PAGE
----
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VATICAN CITY, OCT 24, 2006 (VIS) - "Soldiers at the service of peace" is the theme of the fifth international congress of military ordinariates, which is being held from October 23 to 27 in the Vatican's Old Synod Hall.

  The president of the congress is Cardinal Giovanni Battista Re, prefect of the Congregation for Bishops. He is being assisted by Fr. Giulio Cerchietti, head of the congregation's central office for the pastoral coordination of military ordinariates.

  The program of the event has been divided under six subject headings to be discussed during the course of the meetings. These are: "the nature of military ordinariates in the light of the Apostolic Constitution 'Spirituali Militum Curae' and subsequent documents of the Magisterium; the mission of military ordinariates and their importance in the light of new international situations; ordained ministry and other ecclesial ministries at the service of the pastoral mission of military ordinariates; the right to religious assistance of soldiers on peace missions and the need for training in international humanitarian law; the experience of a military ordinary in his dealings with the episcopal conference and with the diocesan bishops of his country; soldiers as servants of peace." Attention will be also be given to the question of "the juridical value of the statutes of military ordinariates."

  The congress began with an address delivered by Cardinal Re, and will conclude with Mass in St. Peter's Basilica presided by Cardinal Secretary of State Tarcisio Bertone S.D.B.


VATICAN CITY, OCT 24, 2006 (VIS) - Yesterday evening, following a Eucharistic concelebration presided by Cardinal Zenon Grocholewski, prefect of the Congregation for Catholic Education, to mark the beginning of the academic year at Roman Pontifical Universities, the Holy Father entered the Vatican Basilica to greet the students and professors gathered there.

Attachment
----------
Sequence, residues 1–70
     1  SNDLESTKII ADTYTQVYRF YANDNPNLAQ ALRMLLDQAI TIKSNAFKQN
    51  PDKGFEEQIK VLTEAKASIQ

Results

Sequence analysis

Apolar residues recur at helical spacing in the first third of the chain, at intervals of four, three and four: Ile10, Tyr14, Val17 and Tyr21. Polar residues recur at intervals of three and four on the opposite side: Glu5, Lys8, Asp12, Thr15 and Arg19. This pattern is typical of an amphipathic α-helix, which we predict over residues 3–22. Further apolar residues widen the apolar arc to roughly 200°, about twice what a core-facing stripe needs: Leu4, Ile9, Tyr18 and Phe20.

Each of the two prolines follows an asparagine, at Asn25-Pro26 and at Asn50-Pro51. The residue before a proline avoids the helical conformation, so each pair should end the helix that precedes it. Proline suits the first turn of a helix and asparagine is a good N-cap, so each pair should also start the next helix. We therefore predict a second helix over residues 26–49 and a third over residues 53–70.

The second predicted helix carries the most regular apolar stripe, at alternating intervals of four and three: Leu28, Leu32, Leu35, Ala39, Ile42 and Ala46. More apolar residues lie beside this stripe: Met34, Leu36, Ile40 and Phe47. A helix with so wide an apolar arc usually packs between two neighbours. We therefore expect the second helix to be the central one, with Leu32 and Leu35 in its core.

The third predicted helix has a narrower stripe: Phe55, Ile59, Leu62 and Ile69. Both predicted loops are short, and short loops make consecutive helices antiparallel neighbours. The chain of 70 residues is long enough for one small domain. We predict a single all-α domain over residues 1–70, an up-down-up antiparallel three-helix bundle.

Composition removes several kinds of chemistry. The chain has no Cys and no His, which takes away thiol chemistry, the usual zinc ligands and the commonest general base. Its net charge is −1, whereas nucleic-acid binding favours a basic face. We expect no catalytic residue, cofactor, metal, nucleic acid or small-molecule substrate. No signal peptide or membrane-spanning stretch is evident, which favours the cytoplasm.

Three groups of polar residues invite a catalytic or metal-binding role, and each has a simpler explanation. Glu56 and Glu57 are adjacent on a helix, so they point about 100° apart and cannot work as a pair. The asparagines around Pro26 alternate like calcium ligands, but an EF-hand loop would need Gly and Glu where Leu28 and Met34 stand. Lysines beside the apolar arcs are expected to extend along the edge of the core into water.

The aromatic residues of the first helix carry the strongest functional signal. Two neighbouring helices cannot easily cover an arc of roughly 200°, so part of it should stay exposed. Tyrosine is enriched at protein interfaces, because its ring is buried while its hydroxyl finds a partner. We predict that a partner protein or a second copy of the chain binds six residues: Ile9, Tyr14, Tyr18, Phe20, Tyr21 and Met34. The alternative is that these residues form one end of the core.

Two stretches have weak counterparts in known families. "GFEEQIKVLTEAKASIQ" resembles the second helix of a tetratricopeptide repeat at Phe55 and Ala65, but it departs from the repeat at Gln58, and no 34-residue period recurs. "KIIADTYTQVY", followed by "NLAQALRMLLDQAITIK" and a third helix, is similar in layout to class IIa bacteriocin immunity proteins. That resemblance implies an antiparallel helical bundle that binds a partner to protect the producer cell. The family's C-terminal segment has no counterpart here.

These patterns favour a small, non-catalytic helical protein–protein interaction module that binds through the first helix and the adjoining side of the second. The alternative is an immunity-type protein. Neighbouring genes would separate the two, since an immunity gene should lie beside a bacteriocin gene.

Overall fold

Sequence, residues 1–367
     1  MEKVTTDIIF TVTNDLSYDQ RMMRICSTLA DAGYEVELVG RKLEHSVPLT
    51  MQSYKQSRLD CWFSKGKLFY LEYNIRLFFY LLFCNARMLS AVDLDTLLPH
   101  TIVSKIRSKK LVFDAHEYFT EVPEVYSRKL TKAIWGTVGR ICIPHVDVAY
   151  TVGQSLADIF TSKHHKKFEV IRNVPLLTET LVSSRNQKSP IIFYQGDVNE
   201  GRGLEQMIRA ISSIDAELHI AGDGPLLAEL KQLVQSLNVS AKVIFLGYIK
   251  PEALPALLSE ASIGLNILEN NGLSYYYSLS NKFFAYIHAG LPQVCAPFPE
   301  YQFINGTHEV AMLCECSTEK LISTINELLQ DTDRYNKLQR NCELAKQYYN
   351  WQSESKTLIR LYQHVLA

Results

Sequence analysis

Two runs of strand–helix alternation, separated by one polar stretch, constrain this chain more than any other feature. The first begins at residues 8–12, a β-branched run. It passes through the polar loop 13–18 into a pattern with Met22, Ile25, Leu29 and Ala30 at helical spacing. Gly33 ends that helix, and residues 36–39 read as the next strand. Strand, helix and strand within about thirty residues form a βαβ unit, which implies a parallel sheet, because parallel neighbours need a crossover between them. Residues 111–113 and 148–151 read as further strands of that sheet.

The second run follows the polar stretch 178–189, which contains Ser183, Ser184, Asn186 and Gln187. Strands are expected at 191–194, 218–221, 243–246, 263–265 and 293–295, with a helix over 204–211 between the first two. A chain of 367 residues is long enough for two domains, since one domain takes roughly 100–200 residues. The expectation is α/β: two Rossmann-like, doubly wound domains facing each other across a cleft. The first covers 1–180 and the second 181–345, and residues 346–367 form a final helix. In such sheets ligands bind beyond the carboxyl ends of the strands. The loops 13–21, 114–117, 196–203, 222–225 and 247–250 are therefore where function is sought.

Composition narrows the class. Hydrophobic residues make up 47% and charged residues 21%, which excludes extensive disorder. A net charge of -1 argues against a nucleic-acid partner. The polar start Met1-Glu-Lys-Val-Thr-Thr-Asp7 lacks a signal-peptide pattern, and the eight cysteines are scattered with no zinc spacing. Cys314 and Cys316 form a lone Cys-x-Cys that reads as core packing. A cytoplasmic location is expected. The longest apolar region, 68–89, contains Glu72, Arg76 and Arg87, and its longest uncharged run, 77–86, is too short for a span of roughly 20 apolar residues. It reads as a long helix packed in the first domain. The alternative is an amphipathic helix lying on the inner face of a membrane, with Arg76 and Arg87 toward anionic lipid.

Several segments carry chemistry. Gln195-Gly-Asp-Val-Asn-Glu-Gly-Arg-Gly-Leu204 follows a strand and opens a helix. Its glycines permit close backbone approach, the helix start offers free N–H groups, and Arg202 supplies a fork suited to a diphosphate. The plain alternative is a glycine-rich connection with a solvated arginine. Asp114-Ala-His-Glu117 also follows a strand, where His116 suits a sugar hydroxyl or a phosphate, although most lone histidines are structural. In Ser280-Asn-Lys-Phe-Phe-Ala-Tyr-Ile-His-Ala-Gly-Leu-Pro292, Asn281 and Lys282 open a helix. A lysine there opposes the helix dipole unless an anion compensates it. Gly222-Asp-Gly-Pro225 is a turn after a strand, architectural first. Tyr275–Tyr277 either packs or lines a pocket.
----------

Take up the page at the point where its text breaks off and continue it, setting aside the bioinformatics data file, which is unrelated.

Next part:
In his talk, the Holy Father emphasized how the community of teachers and students, coming from many different nationalities and cultures, "eloquently expresses the universality and unity of the Catholic Church. A community that is all the more attractive because it prevalently addresses the young, giving them the opportunity to enter into contact with institutions of great theological and cultural value and, at the same time, offering them access to rewarding ecclesial and pastoral experiences."

  Benedict XVI highlighted "the primary importance of spiritual life," and of concern for "cultural development, balanced human maturity and a profound ascetic and religious formation." He also stressed the need for "silence and contemplation," because we must be able "to listen with the heart to God Who speaks."

  He went on: "Thought always needs purification in order to be able to enter the dimension in which God pronounces His creating and redeeming Word. ... Only if they arise from the silence of contemplation can our words have some measure of value and utility, and not subside into ... worldly discourse which seeks the consensus of public opinion.

  "People who study in ecclesiastical institutes must, then, prepare themselves to be obedient to truth," he added, "and cultivate a particular form of ascesis of thought and word."

  "Your apostolate will be rich and fruitful," he concluded, "in the measure to which you prepare yourselves over these years, studying seriously and, above all, nourishing your personal relationship with Him, tending towards sanctity and having as the only goal of your lives the realization of the Kingdom of God."